Fountain grass spreading across rare dune habitat in Point Mugu State Park.
A variety of non-native plants are favorites of Southern Californians who prefer hardy species in their gardens. But a number of these popular plants are a major menace to some of the region's native plant and animal life.
The problem is visible in a variety of places, such as Point Mugu State Park. Straddling the coast between Los Angeles and Ventura counties, Point Mugu is one of the jewels of the California State Park system.
It is home to some of the world’s rarest habitats. But invasive plants – including fountain grass – are threatening those habitats.
Kneeling on a sand dune next to the Pacific Coast Highway, National Park Service ecologist Christy Brigham shows how fountain grass is threatening the butter-yellow flowers of beach evening primrose, dune verbena and other low-growing plants.
"You can see the invading hordes right on the horizon," says Brigham. A swath of fountain grass is moving down a hill towards Brigham.
"Where the fountain grass is very dense you can see there’s nothing else in there," she says. "It's overtaking this habitat."
Native to north Africa, fountain grass is a billowy garden plant topped with plumes resembling little foxtails. In California, its seed blows out of gardens and hightails into wildlands. And fountain grass is content to rough it in even the most forbidding places, such as dry rock faces.
Fountain grass disrupts animal life as well. As Brigham combs through dense thickets of fountain grass, she doesn’t spot a single insect.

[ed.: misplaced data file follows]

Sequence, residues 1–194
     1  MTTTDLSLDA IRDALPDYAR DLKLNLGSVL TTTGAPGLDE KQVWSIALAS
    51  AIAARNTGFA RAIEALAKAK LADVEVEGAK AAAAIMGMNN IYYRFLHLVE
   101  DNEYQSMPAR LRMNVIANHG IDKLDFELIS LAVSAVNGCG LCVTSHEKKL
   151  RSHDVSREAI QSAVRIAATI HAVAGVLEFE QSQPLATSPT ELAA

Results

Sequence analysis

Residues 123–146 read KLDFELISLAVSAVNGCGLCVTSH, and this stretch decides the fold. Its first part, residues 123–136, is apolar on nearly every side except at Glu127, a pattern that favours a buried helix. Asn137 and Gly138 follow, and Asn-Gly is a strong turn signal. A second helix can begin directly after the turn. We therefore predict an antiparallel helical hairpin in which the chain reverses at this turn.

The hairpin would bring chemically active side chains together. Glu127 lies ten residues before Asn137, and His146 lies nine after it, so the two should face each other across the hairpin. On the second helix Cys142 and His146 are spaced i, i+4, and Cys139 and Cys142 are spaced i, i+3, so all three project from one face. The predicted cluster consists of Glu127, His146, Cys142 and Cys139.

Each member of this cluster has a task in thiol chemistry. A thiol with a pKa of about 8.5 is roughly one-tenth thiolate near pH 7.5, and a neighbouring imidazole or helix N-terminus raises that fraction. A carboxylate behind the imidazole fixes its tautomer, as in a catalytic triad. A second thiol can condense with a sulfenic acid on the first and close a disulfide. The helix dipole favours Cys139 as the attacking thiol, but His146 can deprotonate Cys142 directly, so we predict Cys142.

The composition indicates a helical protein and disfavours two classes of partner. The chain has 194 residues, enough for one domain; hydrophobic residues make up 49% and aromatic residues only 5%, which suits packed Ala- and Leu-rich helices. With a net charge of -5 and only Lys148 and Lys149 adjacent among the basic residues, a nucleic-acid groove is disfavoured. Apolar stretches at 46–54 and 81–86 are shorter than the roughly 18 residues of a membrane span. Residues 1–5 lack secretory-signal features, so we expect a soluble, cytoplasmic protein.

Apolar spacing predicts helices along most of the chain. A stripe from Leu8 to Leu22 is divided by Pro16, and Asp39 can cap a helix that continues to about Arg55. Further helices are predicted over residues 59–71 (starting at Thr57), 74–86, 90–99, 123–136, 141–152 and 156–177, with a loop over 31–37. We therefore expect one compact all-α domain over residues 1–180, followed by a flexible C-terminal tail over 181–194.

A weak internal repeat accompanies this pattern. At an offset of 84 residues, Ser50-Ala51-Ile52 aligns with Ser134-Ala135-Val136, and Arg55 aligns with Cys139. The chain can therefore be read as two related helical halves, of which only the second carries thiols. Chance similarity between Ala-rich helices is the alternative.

While native plants offer local insects a rich menu of pollen and nectar, fountain grass flowers have "nothing" to offer, says Brigham. "The pollen they produce is of low quality." She notes that the flowers "don't look browsed at all," which points out another problem –"animals don't eat them, and that makes them even better able to survive."
Fountain grass also makes wildlands more fire-prone. It helps fires ignite and spread more easily in the state’s unique and vanishing sage scrub habitats.
"And then because the grasses recover much quicker and more successfully than shrubs you get repeat fires," according to invasive plant expert Carl Bell. "Over time, that eliminates most of the coastal sage scrub species and you wind up with a grassland."
Some 300 non-native plants have taken root in the Santa Monica Mountains. Most settle in discreetly; Brigham says about 20 are causing significant problems.
Eradicating invasive plants is labor intensive – it can take years of repeat weeding and careful application of pesticides. The state doesn't have nearly enough money to do a thorough job.
Doug Johnson of the non-profit California Invasive Plant Council estimates park agencies spend more than $80 million a year just to keep some of the worst weeds in check.
"The work being done on invasive plants is really a drop in the bucket of what needs to be done," says Johnson.
Many scientists say invasive plants are the number two threat to California wildlands – second only to outright habitat destruction. And yet fountain grass, ice plant, periwinkle and a couple dozen other invasive plants are readily available – they’re for sale at local nurseries.